Deception Island, South Shetlands
Antarctic Regional Maps and Pictures

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Deception Island is a collapsed (but still active) volcanic cone. There is a 12km wide natural harbour, one of the safest in the world protected by high cliffs and a narrow entrance, Neptune's Bellows. It was first used by sealers as a base for operations and then later by whalers.

Deception Island was first visited in 1820 by sealers and was named by the American sealer Nathaniel Palmer. What first appears to be a normal island when approached by sea is deceptive once Neptune's Bellows are discovered so revealing it to be a flooded volcanic caldera, a collapsed cone.

map of Antarctica
Deception Island
map of Antarctica
Black and white to print and copy

map of Antarctica
Whalers Bay looking out to Neptune's Bellows, the only entrance to the natural harbour of Deception Island.
map of Antarctica
Chinstrap penguins porpoising in the sea off Deception Island.

There are now two summer-only research stations on the island, one Spanish and one Argentine. The island receives many visits from tourist ships in the summer months who come to see the large chinstrap penguin breeding colony (100,000 pairs) and to bathe in the thermally heated waters in certain places. The landscape of Deception Island is unusal for the Antarctic, while about 50% is covered in glaciers, the rest is free of snow and ice in the summer with terrain made of dark volcanic rocks. It has more rare plant species than any other place in the Antarctic.



Whalers cemetary at Whalers Cove, the largest cemetary in Antarctica.

Tourists climbing the hill above Telefon Bay.


Abandoned British scientific base hut, occupied from 1944-1967 when a volcanic eruption forced a withdrawal, it was reoccupied for another 3 months from Dec 1968 until further volcanic activity lead to its complete abandonment.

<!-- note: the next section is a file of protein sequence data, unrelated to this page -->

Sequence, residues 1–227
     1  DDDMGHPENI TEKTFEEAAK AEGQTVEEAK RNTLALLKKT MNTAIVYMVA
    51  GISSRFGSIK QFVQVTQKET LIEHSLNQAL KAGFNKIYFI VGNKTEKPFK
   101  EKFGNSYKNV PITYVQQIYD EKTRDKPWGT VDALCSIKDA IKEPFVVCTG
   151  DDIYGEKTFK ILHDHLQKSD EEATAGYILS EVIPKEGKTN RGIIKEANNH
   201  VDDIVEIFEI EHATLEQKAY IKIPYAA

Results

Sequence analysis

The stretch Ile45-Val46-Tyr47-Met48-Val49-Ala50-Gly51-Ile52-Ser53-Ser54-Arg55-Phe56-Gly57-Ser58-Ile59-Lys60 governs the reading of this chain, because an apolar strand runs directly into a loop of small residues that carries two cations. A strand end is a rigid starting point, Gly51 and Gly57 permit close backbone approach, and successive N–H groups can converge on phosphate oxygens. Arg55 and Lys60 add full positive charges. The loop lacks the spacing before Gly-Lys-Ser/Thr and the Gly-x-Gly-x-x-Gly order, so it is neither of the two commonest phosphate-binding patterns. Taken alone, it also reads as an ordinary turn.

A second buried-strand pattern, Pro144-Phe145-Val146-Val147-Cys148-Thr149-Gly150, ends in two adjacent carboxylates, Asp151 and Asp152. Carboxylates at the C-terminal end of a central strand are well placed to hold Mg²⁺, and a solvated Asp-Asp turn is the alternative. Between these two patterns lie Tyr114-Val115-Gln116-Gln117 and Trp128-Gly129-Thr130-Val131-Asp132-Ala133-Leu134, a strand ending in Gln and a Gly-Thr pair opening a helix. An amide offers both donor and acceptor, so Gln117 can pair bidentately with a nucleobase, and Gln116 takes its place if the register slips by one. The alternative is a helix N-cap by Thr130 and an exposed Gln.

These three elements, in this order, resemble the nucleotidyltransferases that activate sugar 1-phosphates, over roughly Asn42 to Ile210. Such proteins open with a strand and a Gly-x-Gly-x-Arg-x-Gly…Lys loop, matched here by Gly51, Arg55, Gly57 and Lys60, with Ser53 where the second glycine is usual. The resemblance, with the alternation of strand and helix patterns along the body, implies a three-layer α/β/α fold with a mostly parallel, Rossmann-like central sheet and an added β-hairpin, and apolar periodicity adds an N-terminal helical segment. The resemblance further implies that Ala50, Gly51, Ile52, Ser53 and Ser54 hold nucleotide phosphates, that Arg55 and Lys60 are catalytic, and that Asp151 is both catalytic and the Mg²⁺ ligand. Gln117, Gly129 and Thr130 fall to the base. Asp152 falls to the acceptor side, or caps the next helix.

The remnants of Hektor Whaling Station active from 1912 to 1931.

Tourists bathing in volcanically heated water at Deception Island. The last confirmed eruption took place in 1970, further eruptions are expected though are notoriously unpredictable, the two eruptions in the 1960's took everyone by surprise, not least the scientists at the British and Chilean stations at the time who had their huts partially destroyed and were rather keen on being rescued!

In the 1920-21 summer, whaling boats at anchor in the harbour had their hulls stripped bare of paint when the water boiled,


Source of the Maps

Antarctic Digital Database Map Viewer.

License terms and conditions - Data is licensed according to Creative Commons CC-BY - data is free to use, modify and redistribute provided the source "SCAR Antarctic Digital Database" is acknowledged, and that the disclaimer below is accepted.

Disclaimer - Information in the Antarctic Digital Database has been obtained from sources believed to be reliable but its accuracy and completeness, and the validity of the opinions based thereon, are not guaranteed. As every effort has been made to provide accurate information in this database, SCAR would appreciate it if users could indicate in writing any errors that may be noticed. SCAR is not inviting reliance on these data, and the user should always check original published data. The information in this database is subject to change. Questions about the data should be addressed to Adrian Fox

https://add.data.bas.ac.uk/repository/entry/show?entryid=f477219b-9121-44d6-afa6-d8552762dc45

Picture credits: Whalers Bay, Neptune's Bellows by W. Bulach, used under Creative Commons 4.0 Attribution Share Alike International licence / Penguins by Andrew Shiva Wikipedia, used under Creative Commons 4.0 Share Alike licence / Whalers cemetery, by Rear Admiral Harley D Nygren - NSF / Telefon Bay by Expedition Trips / Hektor whaling station by Christopher Michel used under Creative Commons 2.0 licence / Bathing tourists and Deception Island location map by Apcbg used under Creative Commons 3.0 Attribution Share Alike Unported licence.